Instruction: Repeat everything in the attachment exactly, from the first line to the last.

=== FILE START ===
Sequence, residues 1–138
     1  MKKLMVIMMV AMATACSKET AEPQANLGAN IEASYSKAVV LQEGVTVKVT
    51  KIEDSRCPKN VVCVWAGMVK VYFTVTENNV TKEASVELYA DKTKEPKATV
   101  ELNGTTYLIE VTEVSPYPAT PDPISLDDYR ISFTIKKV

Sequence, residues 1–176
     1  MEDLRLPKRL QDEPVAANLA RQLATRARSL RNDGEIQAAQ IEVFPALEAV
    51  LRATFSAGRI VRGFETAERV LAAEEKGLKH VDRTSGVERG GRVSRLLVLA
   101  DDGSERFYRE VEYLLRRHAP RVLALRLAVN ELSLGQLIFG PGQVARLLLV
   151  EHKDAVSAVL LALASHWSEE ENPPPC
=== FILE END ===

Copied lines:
Sequence, residues 1–138
     1  MKKLMVIMMV AMATACSKET AEPQANLGAN IEASYSKAVV LQEGVTVKVT
    51  KIEDSRCPKN VVCVWAGMVK VYFTVTENNV TKEASVELYA DKTKEPKATV
   101  ELNGTTYLIE VTEVSPYPAT PDPISLDDYR ISFTIKKV

Sequence, residues 1–176
     1  MEDLRLPKRL QDEPVAANLA RQLATRARSL RNDGEIQAAQ IEVFPALEAV
    51  LRATFSAGRI VRGFETAERV LAAEEKGLKH VDRTSGVERG GRVSRLLVLA
   101  DDGSERFYRE VEYLLRRHAP RVLALRLAVN ELSLGQLIFG PGQVARLLLV
   151  EHKDAVSAVL LALASHWSEE ENPPPC